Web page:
On the day of her murder, the ‘illness’ had flared up to its worst. Although she hadn’t quite been bedridden, she hadn’t been feeling great, either, confining herself to her room under the guise of wanting undisturbed meditation. Doctor San had been present, and had misdiagnosed the poison as an illness, prescribing medicines that had likely done nothing. Sadly, she had trusted his word, never going for a second opinion.
The next thing anyone had known, the noise of blades colliding had come from her room while everyone else had been away at dinner. A servant nearby had alerted the people around to it, yet by the time they got there, Han Wenkang had been stabbed through the chest, and the perpetrator had fled.
The discovery of the dual poisons had followed quickly, as well as a maelstrom of total havoc. Ren Zhuizhun had been aware of Zhu Li’s presence that night, and had even requested his presence, only to be told at the last second that he had been arrested by the Chu’s people and brought away due to accusations of being the culprit.
The doctors available at the time had been overwhelmed by the task. Defying Han Wenkang’s strength in body, the two poisons and grievous wound had taken her within the day.
“I did find it odd how quickly the Chu’s had brought you away, but it was so chaotic at the time… I should have fought harder against it,” Ren Zhuizhun admitted, a downcast air cast about him. “She was poisoned, you have a specialty in fighting poisons. Am I correct to assume that you would have been able to do more?”
Zhu Li hesitated, not exactly willing to boast about himself while telling a man that his wife’s death could have been prevented. “That’s hard to say for certain.”
The man nodded, needing no actual confirmation.
“Oh, the good Doctor being taken away too quickly was entirely on purpose, I assure you. The one that framed him also orchestrated Han Wenkang’s death; allowing any hiccups to go on with one of his victims treating his other victim would simply be unconscionable,” Chu Ran answered for them.
Ren Zhuizhun’s face darkened. “You mentioned him in the letters. Who is he?”
Han Xingyu looked surprised immediately. “Him? The brawn behind the Chu’s money?”
“Indeed. While his motives are unknown, he was undoubtedly the mastermind for both things. As soon as the plan to convict Doctor Zhu failed, Masked Wasp has cut many ties with the Chu family. While their business scheme for the qistones is still going, he no longer cooperates with them on other matter. Information, bodyguarding, it does not matter — if it has nothing to do with transporting supplies, he refuses to do it.”
“And I’m guessing that you have about as much of a clue as to what his true identity is that I do?”
Chu Ran nodded. The other two looked grim.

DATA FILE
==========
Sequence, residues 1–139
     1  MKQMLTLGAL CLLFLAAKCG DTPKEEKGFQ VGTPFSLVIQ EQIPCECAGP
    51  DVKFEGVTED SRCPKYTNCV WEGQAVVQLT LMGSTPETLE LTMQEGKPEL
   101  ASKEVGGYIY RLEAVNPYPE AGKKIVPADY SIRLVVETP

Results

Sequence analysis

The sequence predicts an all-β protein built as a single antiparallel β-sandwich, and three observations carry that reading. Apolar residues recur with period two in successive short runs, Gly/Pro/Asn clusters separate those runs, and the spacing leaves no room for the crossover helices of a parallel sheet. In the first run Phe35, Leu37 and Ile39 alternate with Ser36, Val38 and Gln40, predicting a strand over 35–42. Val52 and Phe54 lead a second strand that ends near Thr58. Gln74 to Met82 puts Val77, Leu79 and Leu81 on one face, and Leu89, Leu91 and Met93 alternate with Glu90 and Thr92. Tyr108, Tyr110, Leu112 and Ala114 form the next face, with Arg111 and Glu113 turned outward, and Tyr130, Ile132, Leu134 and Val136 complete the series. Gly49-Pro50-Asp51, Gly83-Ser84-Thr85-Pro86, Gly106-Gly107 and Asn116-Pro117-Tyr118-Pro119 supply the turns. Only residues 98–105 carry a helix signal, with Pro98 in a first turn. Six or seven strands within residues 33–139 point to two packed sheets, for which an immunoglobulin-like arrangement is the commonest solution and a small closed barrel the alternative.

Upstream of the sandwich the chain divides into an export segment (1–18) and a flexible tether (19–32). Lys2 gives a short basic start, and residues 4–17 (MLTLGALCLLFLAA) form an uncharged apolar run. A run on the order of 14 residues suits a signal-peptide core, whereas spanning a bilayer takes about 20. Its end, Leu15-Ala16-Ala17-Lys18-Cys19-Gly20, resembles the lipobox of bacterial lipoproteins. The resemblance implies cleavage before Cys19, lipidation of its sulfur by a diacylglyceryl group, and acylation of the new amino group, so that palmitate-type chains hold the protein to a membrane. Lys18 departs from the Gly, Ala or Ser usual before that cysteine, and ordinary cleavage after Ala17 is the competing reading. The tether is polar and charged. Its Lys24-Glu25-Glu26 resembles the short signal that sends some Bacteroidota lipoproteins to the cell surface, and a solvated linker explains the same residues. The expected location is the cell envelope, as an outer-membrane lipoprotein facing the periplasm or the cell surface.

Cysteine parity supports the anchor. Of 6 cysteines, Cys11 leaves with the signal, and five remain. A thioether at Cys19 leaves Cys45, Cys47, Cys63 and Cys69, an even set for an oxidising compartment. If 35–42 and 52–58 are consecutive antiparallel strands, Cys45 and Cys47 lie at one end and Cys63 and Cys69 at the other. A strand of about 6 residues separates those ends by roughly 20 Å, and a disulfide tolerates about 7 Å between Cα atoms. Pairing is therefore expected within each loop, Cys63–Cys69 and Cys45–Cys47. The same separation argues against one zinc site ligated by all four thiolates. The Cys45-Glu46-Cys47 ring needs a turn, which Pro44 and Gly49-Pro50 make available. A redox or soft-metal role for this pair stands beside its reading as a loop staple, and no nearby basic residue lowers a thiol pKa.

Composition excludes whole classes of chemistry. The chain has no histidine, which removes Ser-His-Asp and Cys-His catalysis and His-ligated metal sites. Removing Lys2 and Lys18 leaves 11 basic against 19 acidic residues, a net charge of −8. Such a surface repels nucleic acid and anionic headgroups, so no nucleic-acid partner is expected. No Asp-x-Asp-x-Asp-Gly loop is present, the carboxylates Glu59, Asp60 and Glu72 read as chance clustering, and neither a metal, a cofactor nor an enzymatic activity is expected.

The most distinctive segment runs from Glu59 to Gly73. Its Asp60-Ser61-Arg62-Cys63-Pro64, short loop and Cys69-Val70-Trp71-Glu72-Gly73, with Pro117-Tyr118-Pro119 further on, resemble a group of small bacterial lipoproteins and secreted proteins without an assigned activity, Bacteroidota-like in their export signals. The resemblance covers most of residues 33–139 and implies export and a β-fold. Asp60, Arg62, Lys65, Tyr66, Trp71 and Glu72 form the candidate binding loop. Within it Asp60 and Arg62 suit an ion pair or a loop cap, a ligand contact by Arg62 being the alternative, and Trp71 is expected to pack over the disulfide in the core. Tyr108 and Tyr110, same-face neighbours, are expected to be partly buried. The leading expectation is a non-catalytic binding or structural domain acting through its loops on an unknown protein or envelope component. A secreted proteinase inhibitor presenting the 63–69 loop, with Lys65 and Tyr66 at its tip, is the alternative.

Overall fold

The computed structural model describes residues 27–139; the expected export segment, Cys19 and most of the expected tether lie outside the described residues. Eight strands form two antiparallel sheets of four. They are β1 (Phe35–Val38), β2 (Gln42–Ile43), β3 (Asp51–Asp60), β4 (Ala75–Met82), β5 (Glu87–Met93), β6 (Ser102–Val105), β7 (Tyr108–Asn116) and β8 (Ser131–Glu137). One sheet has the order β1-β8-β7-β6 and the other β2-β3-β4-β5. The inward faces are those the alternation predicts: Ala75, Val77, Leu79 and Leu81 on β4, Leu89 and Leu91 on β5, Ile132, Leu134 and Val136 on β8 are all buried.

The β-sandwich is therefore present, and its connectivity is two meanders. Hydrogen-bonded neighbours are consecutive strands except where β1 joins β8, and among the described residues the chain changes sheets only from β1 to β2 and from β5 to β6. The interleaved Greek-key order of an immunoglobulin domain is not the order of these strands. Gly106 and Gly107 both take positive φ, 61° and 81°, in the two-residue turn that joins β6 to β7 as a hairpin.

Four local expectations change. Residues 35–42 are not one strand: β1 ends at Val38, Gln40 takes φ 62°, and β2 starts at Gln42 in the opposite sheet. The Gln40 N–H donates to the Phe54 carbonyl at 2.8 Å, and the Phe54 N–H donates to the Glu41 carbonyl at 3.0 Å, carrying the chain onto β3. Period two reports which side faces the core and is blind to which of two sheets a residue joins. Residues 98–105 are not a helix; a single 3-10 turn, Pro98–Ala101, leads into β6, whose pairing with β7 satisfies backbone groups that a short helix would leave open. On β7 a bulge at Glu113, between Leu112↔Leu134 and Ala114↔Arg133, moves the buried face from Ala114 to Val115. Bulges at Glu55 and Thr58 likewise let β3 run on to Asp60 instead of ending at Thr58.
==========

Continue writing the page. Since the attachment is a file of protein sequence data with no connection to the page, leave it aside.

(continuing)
Ren Zhuizhun’s story continued. After Han Wenkang’s death, the Chu’s had reached out to the Hans, trying to convince them that Zhu Li had done it. With the aftermath being chaotic, their lack of past interactions and knowledge of the Chu’s, Han Taisha’s inner turmoil in general, and Han power grabs, they hadn’t had the spare time to look more into the Chu’s.
Aside from reaching out the one time, the Chu’s actually hadn’t made much further contact with them — because too-invasive efforts had been blocked by Ren Zhuizhun, on account of Chu Ran having sent a message warning him of the Chu’s suspicious nature. Even though the letter had held nothing specific, it had been enough to convince him to not get further involved until more details of what had happened came to light. In order to keep up appearances and prevent the Chu’s from noticing anything off, he had kept Han Taisha temporarily in the dark, leaving her to play the role of unwitting actor until after the farce trial was over.
(Zhu Li was a teeny bit miffed. He hadn’t exactly liked spending a month confined, starved, and violently ‘interrogated’ in a dirty, rat-infested cell, yet at least two people hadn’t bothered to get him out earlier.
Then again, he ought not be ungrateful about getting rescued at all.)
Successive to that, Chu Ran had kept in touch with Han Taisha, being vague, but worrying, in their correspondences. The Hans had not been able to do much on their end, encumbered by familial intrigue. Eventually, they had been able to procure a doctor that could properly identify the poisons still lingering in Han Wenkang’s body. As venom had been found in the stab wound, they had instead focused on dowsing for the much rarer substance that the doctor had described as being in there for a while.
The rotting remains of tiny daikons had been found in the compost, containing significant amounts of the poison. Undeniable traces of it had been detected in the infirmary’s medical supply room, indicating the daikons’ preparation there, not the kitchen. Their identification as Avici radishes, oddly enough, had come from Disciple Biebie of the infirmary.
That detail certainly made her look innocent. Avici radishes were so obscure, that if she had kept quiet, it would have been incredibly likely no one would have ever known. Giving up information like that would make her the continent’s stupidest murderer.